Open Access
Suresh Patil , V.B. Nargund, Gurupad Balol, Santoshreddy Machenahalli, A.S.Byadgi and S. Ravichandra
Department of Plant Pathology, UAS, Dharwad – 580 005, India.
J Pure Appl Microbiol. 2016;10(4):3043-3049
https://doi.org/10.22207/JPAM.10.4.76 | © The Author(s). 2016
Received: 18/05/2016 | Accepted: 13/07/2016 | Published: 31/12/2016
Abstract

Twister disease is a major disease of onion (Allium ascalonicum L.). The causal organisms of the anthracnose/twister disease of onion were characterized and identified using molecular markers to assess the diversity of the pathogens and the identity of the pathogen was confirmed by sequencing the amplified ITS rDNA region, and analysing in NCBI BLAST program and identified as C. gloeosporioides, C. acutatum, G. acutata , F. oxysporum and G. moniliformis. The phylogenetic tree showed that all five isolates of Colletotrichum spp.  Framed into 3 clusters. Since, there is no gene sequences of C. gloeosporioides  C. acutatum and F. oxysporum causing onion twister disease in the Genbank we have deposited our sequences Genbank. Specific DNA amplification of region CgInt was fairly consistent band of 450 bp for C. gloeosporioides and for C. acutatum it was 490 bp which was positive for all isolates of C. acutatum. For F. oxysporum amplification was at 550-570 bp. The products of the PCR ITS rDNA digestion with DraI revealed that no restriction sites were present. The digestion with HaeIII resulted in a characteristic pattern of three fragments in 19 C. gloeosporioides isolates. In 24 isolates of C. acutatum isolates and 25 isolates F. oxysporum showed four clusters.

Keywords

Onion Twister disease, Molecular variability, Colletotrichum, Fusarium

Introduction

Onion (Allium cepa L.) rightly called as queen of kitchen is one of the oldest important bulbous vegetable crops grown in India. It belongs to the family Alliaceae. However, in spite of the increase in areas planted, maximum production has not been attained. This is due to the proliferation of insect pests and diseases that continue to affect onion in almost all production areas in the country. Several factors have been identified for the low productivity of onion in India. The most important factors responsible are the diseases like purple blotch, downy mildew, Stemphylium blight, basal rot, storage rots and now recently twister disease.

In the recent years, twister disease has become epidemic on onion crop in coastal tract and other major onion growing districts in Karnataka. This disease vernacularly in Sri Lanka called as disco, in Indonesia as seven whorl and in Karnataka as haavu suruli roga, tiruguni roga, gone roga, octopus disease and creeping disease of onion. This disease causes heavy yield loss, leads to shortage in supply to the market resulting in higher prices to a common man. Presently, onion is extensively cultivated in all the parts of Karnataka. Both seed and bulb crops are infected with disease severity of 20-30 per cent and 50-70 per cent respectively1.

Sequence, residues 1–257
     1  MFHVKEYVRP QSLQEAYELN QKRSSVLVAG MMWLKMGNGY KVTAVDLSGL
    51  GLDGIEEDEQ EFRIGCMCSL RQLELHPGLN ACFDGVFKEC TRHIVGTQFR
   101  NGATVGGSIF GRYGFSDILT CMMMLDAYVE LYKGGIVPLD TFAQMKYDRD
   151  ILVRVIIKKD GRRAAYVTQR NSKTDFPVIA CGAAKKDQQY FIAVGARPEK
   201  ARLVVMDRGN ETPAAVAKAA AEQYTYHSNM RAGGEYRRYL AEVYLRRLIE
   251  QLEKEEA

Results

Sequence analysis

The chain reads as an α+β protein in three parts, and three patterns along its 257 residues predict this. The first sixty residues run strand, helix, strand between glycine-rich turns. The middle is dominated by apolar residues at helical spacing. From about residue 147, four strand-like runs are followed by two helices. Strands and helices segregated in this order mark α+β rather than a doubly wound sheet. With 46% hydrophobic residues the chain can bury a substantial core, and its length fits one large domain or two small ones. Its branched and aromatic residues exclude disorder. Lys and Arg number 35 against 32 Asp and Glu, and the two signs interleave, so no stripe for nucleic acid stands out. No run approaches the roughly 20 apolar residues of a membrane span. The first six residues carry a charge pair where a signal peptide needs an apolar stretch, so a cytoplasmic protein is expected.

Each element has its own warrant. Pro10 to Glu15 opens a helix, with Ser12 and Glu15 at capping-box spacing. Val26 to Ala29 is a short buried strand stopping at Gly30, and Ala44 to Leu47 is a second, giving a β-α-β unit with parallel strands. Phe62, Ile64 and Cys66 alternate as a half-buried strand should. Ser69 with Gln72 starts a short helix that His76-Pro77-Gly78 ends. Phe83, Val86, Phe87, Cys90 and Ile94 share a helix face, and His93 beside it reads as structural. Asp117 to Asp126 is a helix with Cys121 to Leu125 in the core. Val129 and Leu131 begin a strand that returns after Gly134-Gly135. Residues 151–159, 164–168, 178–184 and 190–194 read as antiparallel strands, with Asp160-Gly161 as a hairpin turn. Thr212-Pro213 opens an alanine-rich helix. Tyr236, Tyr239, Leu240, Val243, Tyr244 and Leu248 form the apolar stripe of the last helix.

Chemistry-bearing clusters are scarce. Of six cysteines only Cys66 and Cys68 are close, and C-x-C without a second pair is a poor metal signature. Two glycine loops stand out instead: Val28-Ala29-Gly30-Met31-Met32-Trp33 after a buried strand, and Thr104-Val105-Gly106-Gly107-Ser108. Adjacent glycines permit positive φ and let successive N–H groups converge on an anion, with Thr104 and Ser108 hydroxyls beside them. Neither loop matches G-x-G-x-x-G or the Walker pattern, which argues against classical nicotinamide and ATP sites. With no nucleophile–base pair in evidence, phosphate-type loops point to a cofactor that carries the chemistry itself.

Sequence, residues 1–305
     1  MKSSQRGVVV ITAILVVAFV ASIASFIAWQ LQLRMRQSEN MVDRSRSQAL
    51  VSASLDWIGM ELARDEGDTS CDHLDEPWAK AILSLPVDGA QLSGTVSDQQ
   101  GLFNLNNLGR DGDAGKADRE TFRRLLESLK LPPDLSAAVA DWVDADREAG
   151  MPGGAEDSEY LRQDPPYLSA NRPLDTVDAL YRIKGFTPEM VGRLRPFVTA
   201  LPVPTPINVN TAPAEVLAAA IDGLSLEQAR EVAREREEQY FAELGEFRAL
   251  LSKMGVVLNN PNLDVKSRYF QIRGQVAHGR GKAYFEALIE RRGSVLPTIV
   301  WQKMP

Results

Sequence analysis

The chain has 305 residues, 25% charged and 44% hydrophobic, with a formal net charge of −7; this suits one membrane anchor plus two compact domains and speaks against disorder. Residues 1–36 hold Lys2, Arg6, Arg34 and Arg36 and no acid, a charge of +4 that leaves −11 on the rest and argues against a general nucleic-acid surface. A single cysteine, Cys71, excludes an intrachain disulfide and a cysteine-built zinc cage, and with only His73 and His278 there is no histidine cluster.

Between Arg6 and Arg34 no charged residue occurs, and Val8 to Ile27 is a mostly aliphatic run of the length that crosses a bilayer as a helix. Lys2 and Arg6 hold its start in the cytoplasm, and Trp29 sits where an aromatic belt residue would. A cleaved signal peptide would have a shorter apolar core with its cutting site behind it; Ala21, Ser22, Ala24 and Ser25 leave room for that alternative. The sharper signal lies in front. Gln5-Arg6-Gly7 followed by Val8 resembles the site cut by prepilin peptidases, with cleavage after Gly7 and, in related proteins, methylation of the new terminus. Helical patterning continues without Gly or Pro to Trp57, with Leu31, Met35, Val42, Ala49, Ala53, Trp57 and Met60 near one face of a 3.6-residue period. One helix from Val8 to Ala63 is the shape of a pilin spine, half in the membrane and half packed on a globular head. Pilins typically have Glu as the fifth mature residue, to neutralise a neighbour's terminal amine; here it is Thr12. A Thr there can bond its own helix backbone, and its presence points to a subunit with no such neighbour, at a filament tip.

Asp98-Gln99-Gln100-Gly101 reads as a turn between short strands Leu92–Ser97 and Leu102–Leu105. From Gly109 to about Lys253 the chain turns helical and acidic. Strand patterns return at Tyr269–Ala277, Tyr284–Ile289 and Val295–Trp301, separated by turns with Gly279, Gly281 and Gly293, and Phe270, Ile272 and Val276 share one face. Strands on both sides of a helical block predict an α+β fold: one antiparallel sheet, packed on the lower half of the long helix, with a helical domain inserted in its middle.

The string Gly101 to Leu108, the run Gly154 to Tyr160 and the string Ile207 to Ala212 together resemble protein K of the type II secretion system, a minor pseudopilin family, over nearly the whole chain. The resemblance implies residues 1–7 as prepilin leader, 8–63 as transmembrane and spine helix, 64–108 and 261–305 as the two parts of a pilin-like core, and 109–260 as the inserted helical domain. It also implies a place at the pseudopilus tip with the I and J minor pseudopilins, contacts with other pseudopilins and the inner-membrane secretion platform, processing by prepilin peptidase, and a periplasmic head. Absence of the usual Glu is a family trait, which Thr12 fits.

Several Colletotrichum species within which having diverse morphological, pathogenic and genetic diversities. Information on pathogen diversity and geographic distribution of the pathogen populations is therefore a prerequisite for designing effective disease management practices including accurate assessment of suitable resistant germplasm in breeding programs2,3,4. Hence, knowledge on the presence of different pathogenic isolates of Colletotrichum and Fusarium spp., the causal organisms study was to determine the morphological and molecular variations among isolates of Colletotrichum and Fusarium isolated from infected onions collected from different agroclimatic zones.

Due to environmental influences on the stability of morphological traits and the existence of intermediate forms, morphological criteria are not always adequate for reliable differentiation of Colletotrichum species. Similar limitations have been reported the identification of Fusarium species as well. The overlap of morphological characters and phenotypes among species makes the classification difficult. Molecular techniques provide alternative methods for taxonomic studies and are important tools in solving the problems of species delineation .The ribosomal RNA genes (rDNA) possess characteristics that are suitable for the detection of pathogens at specific level. These rDNA are highly stable and exhibit a mosaic of conserved and diverse regions within the genome. The objective of our investigation was to determine the morphological and molecular diversity of the causal agents of onion leaf twister disease.

Materials and Methods

Isolation DNA and Polymerase chain reaction
The genomic DNA was isolated from Coletotrichum spp. and Fusarium sp. isolates by following standard CTAB method with certain modifications5. The rDNA have been employed to analyze evolutionary events because it is highly conserved, where as ITS rDNA is more variable. Hence, it has been used for investigation of these species level relationships.Primer sequences used are given below.

Sequencing of ITS region